Michael John Gibson, 66, of Robinson Lane - who was a director at Louth Playgoers - died following the incident last year.
Last week’s inquest at Boston Coroner’s Court heard that on November 2, Mr Gibson told his wife, Janine Sutton, that he was intending to remove a wasps’ nest from the roof of their home, after discovering a wasp in his bedroom earlier that day.
Ms Sutton returned to the house at around 3.50pm to find the door open, and no sign of her husband.
She rang his mobile phone and followed the sound of her husband’s ringtone, only to discover his body on the ground in the garden.
Ms Sutton called the emergency services and performed CPR on her husband until they arrived.
Unfortunately, it was too late to save him, and he was pronounced dead at approximately 4.45pm.
Area Coroner Paul Smith told the inquest that a post-mortem report stated a combination of an anaphylactic shock as a result of a wasp sting and a spinal fracture led to Mr Gibson’s death.
A toxicology report showed Mr Gibson had been drinking prior to the incident and had a blood-ethanol level of 121 milligrammes per 100 millilitres of blood.
Mr Smith told the inquest, for reference, that the legal drink-drive limit is 80 milligrammes.
In summing up, Mr Smith said: “The evidence I have suggests that on November 2 last year, Mr Gibson discovered a wasp in his bedroom.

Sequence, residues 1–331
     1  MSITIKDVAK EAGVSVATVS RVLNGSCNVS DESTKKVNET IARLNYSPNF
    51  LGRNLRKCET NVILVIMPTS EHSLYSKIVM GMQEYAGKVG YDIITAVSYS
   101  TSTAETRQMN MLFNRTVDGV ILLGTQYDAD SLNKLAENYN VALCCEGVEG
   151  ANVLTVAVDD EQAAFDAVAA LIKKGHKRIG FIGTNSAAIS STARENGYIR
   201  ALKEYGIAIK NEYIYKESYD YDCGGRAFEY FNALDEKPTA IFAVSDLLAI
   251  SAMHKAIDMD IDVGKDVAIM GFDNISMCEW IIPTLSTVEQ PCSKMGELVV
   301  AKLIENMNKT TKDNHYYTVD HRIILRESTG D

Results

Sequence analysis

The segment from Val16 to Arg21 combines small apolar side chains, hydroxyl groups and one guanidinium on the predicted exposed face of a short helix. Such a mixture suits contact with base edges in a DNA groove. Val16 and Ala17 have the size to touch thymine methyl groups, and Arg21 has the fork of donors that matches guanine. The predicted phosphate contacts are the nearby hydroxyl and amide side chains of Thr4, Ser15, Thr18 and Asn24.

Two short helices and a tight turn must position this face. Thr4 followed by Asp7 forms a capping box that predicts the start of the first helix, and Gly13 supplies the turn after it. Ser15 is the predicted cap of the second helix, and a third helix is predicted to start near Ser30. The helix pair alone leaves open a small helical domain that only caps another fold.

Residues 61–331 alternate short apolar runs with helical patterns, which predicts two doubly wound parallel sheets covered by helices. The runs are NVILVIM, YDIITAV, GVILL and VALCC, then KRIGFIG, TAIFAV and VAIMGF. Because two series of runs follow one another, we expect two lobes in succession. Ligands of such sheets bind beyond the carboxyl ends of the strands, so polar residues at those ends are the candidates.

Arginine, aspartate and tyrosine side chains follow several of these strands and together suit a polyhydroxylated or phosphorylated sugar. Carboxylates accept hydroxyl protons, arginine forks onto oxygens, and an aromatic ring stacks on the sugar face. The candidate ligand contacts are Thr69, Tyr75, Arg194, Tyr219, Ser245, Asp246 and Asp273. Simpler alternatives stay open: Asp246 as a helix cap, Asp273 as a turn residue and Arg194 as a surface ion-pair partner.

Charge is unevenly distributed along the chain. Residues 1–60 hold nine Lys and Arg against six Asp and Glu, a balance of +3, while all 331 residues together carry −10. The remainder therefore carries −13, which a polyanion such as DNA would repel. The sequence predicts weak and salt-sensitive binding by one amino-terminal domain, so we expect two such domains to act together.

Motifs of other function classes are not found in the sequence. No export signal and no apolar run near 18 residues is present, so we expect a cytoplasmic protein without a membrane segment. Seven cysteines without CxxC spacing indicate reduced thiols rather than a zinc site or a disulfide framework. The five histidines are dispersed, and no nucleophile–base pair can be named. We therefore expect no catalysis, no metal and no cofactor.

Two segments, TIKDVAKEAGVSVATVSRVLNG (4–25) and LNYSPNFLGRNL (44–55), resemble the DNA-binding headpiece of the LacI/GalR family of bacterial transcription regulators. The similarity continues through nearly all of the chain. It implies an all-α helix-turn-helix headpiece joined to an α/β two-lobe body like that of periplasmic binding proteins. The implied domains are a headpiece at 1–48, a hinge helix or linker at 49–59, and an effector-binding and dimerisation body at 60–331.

“He was concerned that this might indicate the presence of a nest and given his history of allergy it is clear that this troubled him.
“He was last seen around 12 midday on November 2 when he was expressing an intention to look for the possible nest later that day.”
He continued: “(When he was later found) I am told that there is clear evidence of a head injury.
“Adjacent to him, and at a somewhat rakish angle, was what was described as a fallen ladder.
“There was evidence of blood staining on the ground, consistent with a fall. CPR was immediately attempted and the emergency services were summoned, but sadly despite their arrival his life was pronounced extinct.”
Mr Smith added that Mr Gibson’s balance may not have been aided by his choice of footwear, as it is understood he was wearing slippers at the time of the incident.
He said that a combination of the untreated anaphylactic shock and the subsequent fall from the ladder led to Mr Gibson’s death, with both of them likely to have played a ‘causative role in his death which ensued’.
Mr Smith concluded that Mr Gibson’s death was a ‘tragic accident’.